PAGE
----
On average, 75% of tornado warnings in the United States are false alarms (Stirling 2015). Although forecasters have been concerned that false alarms may generate a complacent public, only a few research studies have examined how the public responds to tornado false alarms. Through four surveys (N = 4,162), this study examines how residents in the Southeastern United States understand, process, and respond to tornado false alarms. The study then compares Southeastern social science research findings on perceptions of false alarms to actual county false alarm ratios and the number of tornado warnings issued by counties. Contrary to prior research, findings indicate that concerns about false alarm ratios generating a complacent public may be overblown. Results show that Southeastern U.S. residents estimate tornado warnings to be more accurate than they are. Participants’ perceived false alarm ratios are not correlated with actual county false alarm ratios. Counterintuitively, the higher individuals perceive false alarm ratios and tornado alert accuracy to be, the more likely they are to take protective behavior such as sheltering in place in response to tornado warnings. Actual country false alarm ratios and the number of tornado warnings issued did not predict taking protective action.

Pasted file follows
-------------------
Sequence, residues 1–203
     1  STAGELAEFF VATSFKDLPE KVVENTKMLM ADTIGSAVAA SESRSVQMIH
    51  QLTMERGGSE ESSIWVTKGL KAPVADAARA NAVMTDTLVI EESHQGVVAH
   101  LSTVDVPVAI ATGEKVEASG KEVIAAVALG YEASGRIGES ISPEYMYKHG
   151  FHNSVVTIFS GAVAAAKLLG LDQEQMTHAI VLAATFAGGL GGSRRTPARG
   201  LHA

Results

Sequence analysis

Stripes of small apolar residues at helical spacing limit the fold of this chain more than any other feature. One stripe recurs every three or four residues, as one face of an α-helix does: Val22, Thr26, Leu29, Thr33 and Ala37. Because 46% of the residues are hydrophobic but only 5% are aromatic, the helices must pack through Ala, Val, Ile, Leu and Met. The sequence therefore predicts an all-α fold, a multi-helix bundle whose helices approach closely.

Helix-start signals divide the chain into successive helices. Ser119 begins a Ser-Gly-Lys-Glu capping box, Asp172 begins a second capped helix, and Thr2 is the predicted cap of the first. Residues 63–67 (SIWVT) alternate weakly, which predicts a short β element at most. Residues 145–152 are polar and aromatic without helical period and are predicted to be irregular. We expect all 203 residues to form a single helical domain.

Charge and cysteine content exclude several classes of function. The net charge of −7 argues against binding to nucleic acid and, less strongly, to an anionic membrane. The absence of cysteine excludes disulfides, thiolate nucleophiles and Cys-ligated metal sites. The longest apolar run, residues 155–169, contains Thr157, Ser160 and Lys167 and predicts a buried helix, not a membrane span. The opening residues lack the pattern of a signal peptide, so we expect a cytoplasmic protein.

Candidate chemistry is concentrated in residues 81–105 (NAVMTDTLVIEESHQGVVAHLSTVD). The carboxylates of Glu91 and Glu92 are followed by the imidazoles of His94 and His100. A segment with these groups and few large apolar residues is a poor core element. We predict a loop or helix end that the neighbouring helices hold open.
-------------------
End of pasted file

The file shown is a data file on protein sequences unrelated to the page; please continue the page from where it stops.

JungKyu Rhys Lim, Brooke Fisher Liu, and Michael Egnoto. 2019. "Cry Wolf Effect? Evaluating the Impact of False Alarms on Public Responses to Tornado Alerts in the Southeastern United States." Weather, Climate, and Society (April). https://journals.ametsoc.org/doi/abs/10.1175/WCAS-D-18-0080.1